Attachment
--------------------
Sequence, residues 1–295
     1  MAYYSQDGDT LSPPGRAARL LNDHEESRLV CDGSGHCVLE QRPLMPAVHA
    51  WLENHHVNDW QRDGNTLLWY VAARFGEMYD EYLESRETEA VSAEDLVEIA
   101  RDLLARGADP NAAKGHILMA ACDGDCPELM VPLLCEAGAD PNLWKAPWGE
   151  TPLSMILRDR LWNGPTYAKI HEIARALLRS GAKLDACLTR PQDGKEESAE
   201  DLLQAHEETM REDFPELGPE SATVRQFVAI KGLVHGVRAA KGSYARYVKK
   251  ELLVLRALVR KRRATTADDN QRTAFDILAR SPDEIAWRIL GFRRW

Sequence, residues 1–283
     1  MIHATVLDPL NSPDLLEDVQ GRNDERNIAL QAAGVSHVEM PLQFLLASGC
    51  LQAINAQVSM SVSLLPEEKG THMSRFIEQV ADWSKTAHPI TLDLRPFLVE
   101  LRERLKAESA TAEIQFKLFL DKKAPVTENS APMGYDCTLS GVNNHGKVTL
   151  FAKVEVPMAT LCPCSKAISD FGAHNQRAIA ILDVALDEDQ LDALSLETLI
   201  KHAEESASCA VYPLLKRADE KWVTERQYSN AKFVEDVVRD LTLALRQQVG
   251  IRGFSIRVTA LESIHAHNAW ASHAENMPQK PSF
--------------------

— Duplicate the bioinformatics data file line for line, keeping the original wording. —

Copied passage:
Sequence, residues 1–295
     1  MAYYSQDGDT LSPPGRAARL LNDHEESRLV CDGSGHCVLE QRPLMPAVHA
    51  WLENHHVNDW QRDGNTLLWY VAARFGEMYD EYLESRETEA VSAEDLVEIA
   101  RDLLARGADP NAAKGHILMA ACDGDCPELM VPLLCEAGAD PNLWKAPWGE
   151  TPLSMILRDR LWNGPTYAKI HEIARALLRS GAKLDACLTR PQDGKEESAE
   201  DLLQAHEETM REDFPELGPE SATVRQFVAI KGLVHGVRAA KGSYARYVKK
   251  ELLVLRALVR KRRATTADDN QRTAFDILAR SPDEIAWRIL GFRRW

Sequence, residues 1–283
     1  MIHATVLDPL NSPDLLEDVQ GRNDERNIAL QAAGVSHVEM PLQFLLASGC
    51  LQAINAQVSM SVSLLPEEKG THMSRFIEQV ADWSKTAHPI TLDLRPFLVE
   101  LRERLKAESA TAEIQFKLFL DKKAPVTENS APMGYDCTLS GVNNHGKVTL
   151  FAKVEVPMAT LCPCSKAISD FGAHNQRAIA ILDVALDEDQ LDALSLETLI
   201  KHAEESASCA VYPLLKRADE KWVTERQYSN AKFVEDVVRD LTLALRQQVG
   251  IRGFSIRVTA LESIHAHNAW ASHAENMPQK PSF